Palliative care in humanitarian crises: Always something to offer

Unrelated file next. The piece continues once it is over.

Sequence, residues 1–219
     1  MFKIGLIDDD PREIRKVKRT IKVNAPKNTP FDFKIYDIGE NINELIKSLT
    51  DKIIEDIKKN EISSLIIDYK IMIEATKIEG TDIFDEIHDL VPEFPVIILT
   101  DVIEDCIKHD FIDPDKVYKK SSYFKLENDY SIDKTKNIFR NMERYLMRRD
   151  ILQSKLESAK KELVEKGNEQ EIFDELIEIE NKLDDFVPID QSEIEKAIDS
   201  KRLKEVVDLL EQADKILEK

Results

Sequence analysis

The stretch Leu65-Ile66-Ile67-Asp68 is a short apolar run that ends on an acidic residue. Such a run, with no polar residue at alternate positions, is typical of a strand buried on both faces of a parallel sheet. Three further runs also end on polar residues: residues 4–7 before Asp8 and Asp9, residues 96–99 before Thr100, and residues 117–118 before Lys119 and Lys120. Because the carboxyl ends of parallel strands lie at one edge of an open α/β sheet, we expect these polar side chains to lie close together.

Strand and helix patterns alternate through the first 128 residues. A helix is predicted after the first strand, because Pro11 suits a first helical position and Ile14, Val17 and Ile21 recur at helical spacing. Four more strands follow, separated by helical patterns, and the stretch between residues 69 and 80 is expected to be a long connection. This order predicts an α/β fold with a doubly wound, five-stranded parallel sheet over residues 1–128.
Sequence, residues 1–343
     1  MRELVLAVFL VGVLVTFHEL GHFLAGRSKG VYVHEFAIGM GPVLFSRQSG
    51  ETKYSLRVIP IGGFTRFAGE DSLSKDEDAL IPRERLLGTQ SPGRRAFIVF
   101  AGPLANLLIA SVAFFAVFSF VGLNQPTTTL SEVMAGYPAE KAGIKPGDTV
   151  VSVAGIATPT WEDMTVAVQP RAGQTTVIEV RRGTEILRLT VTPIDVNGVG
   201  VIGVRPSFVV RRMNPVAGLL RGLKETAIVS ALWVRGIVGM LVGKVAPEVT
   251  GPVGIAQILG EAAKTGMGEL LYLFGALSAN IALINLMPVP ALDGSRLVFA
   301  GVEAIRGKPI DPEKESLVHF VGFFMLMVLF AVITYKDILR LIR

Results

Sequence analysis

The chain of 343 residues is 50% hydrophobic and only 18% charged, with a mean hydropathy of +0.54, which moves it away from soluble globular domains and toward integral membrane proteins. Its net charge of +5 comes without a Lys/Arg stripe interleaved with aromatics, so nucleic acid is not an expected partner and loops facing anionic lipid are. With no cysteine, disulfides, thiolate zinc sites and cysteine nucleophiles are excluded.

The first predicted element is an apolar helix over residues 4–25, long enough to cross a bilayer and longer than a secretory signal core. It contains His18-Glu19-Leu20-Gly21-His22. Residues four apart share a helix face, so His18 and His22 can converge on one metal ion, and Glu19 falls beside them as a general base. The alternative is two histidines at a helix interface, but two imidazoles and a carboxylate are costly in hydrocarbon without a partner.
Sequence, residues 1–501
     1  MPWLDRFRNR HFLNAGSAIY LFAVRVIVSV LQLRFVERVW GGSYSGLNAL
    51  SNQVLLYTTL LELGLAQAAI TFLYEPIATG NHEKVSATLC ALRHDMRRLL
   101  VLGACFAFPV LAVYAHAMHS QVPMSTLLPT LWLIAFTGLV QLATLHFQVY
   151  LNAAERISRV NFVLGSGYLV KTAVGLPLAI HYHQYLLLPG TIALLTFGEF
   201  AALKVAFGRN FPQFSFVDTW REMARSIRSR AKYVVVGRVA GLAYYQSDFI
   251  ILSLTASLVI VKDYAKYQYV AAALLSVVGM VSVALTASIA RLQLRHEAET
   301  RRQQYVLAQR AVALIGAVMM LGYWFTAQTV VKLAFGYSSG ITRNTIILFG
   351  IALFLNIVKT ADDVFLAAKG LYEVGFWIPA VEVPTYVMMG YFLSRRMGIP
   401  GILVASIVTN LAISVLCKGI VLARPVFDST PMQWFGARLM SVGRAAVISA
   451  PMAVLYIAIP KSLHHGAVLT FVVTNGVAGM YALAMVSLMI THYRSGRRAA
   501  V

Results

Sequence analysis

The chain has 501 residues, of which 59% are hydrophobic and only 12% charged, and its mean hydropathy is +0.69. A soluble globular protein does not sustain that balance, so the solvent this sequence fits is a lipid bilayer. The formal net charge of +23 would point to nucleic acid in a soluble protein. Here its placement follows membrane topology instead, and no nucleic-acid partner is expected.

THE LANCET | Online – 15 April 2017 – More than 128·6 million people across 33 countries require life-saving humanitarian assistance, 92·8 million of whom are particularly vulnerable. Palliative care (PC), however, has been omitted from efforts to tackle humanitarian crises. PC is, according to the World Health Organization, “an approach that improves the quality of life of patients and their families facing the problems associated with life-threatening illness, through the prevention and relief of suffering.” The authors propose holistic PC as an integral component of relief strategies. PC is especially applicable in four humanitarian scenarios. First, in protracted humanitarian crises for patients with life-limiting illnesses whose pre crisis PC is interrupted and for those whose PC needs are unmet or exacerbated as a result of the crises. Older people are the most prominent group here, given their vulnerability and poorly identified and understood health-care needs. Second, in mass casualty events where resources are overwhelmed by acute injuries and individuals are triaged according to their likelihood of survival. Third, in communicable disease outbreaks with high mortality and limited therapeutic interventions where relief of suffering can be the main treatment option available... Fourth, in camps for refugees and displaced people where some individuals need PC during transition through the camp.